THE SMART answer to the question “How many islands comprise the Philippines?” used to be: “Depends on whether it’s low or high tide.” Not anymore – now the cautious reply is: “Before or after Duterte?”
Filipinos, supposedly among the world’s happiest people, resort to jokes to soften the impact of the uncertain hard times. It helps, arguably, that President Rodrigo Duterte is the highest-ranking joker in the pack.
The then Davao City mayor said during the presidential debates in 2016, when asked about Chinese bullying of Filipino fishermen, that he would ride a jet ski and plant the flag in the Spratlys or the Scarborough shoal. (He was not sure where?)
But Filipino voters, who love entertainment more than enlightenment on the campaign trail, laughed and lapped it up.
Now the joke is on them. It has turned out that the jet ski spiel was just one of several vote-getting promises (including stopping runaway crime and corruption in six months, and reining in prices) that millions swallowed and now want to spit out but cannot.
Continuing the entertainment, the President’ son Baste and a senatorial-wannabe whom Duterte once described as a “bugaw” recently stirred the sea off Casiguran with their jet ski antics as a symbolic show of the flag in undisputed Philippine waters.
In the same program, a sendoff for Filipino scientists tasked to conduct research at the Philippine (Benham) Rise, Duterte again vowed not to allow other states to grab Philippine sovereign rights – except that that problem is on the other (west) side of Luzon.
In his original 2016 jet ski line, Duterte said in reply to a question of one of the fishermen shooed away from Scarborough (Panatag) shoal by the Chinese coast guard:
“I will ask the Navy to bring me to the nearest boundary dyan sa Spratly… Scarborough. Bababa ako, sasakay ako ng jet ski, dala-dala ko yung flag ng Pilipino at pupunta ako doon sa airport nila tapos itanim ko, then I would say, ‘This is ours and do what you want with me.’ Bahala na kayo. I would stake that claim and if they want to, you know – eh matagal ko ng ambisyon yan na maging hero rin ako. Pag pinatay nila ako doon, bahala na kayong umiyak dito sa Pilipinas.”
Meanwhile, however, a confident China has stepped up its setting up of military installations on artificial islands built in the Philippines’ Exclusive Economic Zone with Duterte looking the other way.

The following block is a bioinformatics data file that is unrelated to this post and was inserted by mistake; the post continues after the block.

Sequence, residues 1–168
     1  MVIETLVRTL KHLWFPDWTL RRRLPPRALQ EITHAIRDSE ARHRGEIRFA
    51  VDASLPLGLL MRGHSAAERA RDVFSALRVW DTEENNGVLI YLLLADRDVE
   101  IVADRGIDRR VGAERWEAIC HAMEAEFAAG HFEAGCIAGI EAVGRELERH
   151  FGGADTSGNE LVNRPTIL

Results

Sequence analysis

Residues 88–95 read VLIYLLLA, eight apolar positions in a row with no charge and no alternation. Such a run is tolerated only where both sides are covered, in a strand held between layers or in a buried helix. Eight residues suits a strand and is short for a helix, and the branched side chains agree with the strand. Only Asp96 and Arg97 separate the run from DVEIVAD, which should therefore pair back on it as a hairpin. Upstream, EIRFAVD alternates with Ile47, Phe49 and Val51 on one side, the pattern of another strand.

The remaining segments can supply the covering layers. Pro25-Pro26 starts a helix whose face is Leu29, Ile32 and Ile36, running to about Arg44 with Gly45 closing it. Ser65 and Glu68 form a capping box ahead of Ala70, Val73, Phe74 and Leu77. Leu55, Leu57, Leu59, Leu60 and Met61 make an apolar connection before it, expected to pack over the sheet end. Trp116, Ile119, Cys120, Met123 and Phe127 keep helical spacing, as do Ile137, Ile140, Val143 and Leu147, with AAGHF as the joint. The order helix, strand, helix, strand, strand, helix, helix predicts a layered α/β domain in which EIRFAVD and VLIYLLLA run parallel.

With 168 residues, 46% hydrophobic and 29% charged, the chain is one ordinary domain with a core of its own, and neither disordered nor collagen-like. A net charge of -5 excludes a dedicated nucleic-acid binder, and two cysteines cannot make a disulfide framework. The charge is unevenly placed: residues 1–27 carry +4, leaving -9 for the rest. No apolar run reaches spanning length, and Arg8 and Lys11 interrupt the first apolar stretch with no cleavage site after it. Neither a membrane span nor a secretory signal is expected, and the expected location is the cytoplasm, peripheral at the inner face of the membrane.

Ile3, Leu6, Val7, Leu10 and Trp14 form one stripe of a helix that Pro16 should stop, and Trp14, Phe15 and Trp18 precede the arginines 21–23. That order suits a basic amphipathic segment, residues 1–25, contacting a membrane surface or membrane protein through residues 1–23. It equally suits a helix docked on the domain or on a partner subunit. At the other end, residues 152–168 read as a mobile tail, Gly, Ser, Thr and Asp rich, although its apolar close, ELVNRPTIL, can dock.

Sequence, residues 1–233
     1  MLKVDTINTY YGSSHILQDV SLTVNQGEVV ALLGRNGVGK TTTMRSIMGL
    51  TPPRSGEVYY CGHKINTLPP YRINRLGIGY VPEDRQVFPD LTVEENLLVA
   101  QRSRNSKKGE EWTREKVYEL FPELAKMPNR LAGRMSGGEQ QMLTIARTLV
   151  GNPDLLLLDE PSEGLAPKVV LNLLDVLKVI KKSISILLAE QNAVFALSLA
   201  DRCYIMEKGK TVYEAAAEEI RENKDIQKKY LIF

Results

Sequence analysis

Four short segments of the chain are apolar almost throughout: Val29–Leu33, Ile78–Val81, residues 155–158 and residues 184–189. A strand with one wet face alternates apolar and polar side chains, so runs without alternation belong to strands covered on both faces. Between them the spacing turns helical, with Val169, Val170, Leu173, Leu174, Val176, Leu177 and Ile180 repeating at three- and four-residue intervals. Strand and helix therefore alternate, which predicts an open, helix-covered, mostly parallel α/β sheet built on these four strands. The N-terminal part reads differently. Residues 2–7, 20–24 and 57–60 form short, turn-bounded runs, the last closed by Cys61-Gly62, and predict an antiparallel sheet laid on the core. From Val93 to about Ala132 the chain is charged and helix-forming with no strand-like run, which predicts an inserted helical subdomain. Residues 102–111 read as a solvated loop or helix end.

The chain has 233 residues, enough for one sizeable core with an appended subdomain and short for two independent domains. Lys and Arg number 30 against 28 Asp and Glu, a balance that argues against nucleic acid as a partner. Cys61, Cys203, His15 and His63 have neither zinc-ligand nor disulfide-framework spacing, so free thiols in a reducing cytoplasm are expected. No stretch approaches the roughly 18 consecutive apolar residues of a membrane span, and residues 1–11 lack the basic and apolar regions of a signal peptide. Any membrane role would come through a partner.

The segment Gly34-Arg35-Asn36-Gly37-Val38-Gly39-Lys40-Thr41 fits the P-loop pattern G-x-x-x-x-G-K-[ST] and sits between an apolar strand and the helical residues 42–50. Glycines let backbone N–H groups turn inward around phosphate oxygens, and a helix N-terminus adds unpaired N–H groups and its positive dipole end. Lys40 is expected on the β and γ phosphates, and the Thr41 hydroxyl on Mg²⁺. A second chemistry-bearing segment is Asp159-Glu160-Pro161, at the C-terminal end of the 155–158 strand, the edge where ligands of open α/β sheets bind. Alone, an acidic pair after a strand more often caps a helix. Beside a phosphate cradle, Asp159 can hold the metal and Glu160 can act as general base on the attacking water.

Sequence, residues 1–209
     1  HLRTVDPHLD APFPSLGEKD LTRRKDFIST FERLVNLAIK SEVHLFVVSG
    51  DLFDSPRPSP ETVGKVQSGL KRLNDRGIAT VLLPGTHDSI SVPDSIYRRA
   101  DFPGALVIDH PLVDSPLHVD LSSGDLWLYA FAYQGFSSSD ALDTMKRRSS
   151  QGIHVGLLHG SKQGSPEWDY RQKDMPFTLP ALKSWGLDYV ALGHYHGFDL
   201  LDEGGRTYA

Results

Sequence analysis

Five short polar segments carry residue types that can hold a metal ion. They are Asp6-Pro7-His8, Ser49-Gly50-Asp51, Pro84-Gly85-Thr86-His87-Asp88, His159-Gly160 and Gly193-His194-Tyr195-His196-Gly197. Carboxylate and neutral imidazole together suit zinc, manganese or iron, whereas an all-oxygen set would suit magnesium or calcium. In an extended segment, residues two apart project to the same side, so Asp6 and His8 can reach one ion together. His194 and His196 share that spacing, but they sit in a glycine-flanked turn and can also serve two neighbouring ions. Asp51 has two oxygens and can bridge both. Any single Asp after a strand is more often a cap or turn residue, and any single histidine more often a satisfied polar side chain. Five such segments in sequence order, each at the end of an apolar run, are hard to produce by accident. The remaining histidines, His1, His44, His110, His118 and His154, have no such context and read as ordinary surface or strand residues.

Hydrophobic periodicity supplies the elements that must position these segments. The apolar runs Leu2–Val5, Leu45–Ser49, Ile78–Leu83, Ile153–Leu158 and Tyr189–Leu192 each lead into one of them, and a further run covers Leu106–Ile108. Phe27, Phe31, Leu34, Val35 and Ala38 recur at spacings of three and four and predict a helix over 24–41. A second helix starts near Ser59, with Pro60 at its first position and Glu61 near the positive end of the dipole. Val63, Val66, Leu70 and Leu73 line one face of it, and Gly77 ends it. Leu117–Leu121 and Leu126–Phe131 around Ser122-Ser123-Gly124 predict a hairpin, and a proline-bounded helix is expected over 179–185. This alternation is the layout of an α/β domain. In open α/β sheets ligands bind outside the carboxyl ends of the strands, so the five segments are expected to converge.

A count by Reuters has shown that since 2014, China has constructed more than 1,600 structures in the disputed South China Sea, nearly half of them reportedly in Philippine waters.
The more menacing installations include military-grade airstrips, reinforced shelters and anti-ship and surface-to-air missile batteries on Subi, Mischief and Fiery Cross reefs (now beefed-up into islands) near the southern tip of Palawan.
We commented here two weeks ago: “The alarming transformation of the West Philippine Sea into a security flashpoint should jolt President Duterte into abandoning the naïve notion that he can tackle China by his lonesome.”
Has he sought wider and deeper non-partisan consultations on how to confront Chinese encroachment? What has he done about China’s military build up? We noted in our Postscript of May10, “Playing solo, Duterte is sure to lose to China.” https://tinyurl.com/yandsx8h
As we write this, we have only the standing statement of the Department of Foreign Affairs that they have been “monitoring” developments but need not make public their moves regarding China’s aggressive maneuvers. We believe the administration should level with the people.
• Hague: Philippines doesn’t ‘own’ Panatag
OUR NOTES taken after the UNCLOS-based award was handed down on July 12, 2016, by the Permanent Court of Arbitration at The Hague showed interesting details:
The Philippines did not win it all. For one, the arbitral court ruled that the rich fishery resources of Panatag shoal off Zambales should be open not only to the Philippines but also to China and other neighbors whose nationals traditionally fish there.
If proximity were the only criterion (it is not), Filipinos should have priority access to Panatag. The shoal is only 120 nautical miles from Zambales and 530 nm from Hainan island, the nearest China landmass in the South China Sea.
In its 15 submissions, the Philippines did not ask the arbitral court to drive out or ban the Chinese, but only to declare illegal under the UNCLOS their harassing and barring Filipinos from Panatag.
Also known as Bajo de Masinloc in Spanish times, Huangyan Dao to the Chinese, and Scarborough to much of the world, Panatag had been a fishing ground to generations of Filipinos until 2012 when the previous administration left them at the mercy of the Chinese coast guard after a standoff.
Although Panatag is within the country’s 200-nm Exclusive Economic Zone, the PCA ruled that the Philippines and China must share its fishery resources between them and with other neighbors. China refuses to honor the award.
Without power to resolve sovereignty disputes, the tribunal was silent in its 479-page award on who owns Panatag. Ownership equates to sovereignty, which involves the exercise of the full power and authority of the state.
The tribunal classified Panatag as “high-tide features” (rocks), which cannot sustain human habitation or economic life of their own. “Rocks” have no EEZ or continental shelf, but they do count for territorial claims, i.e. claims of up to 12 nm of territorial waters.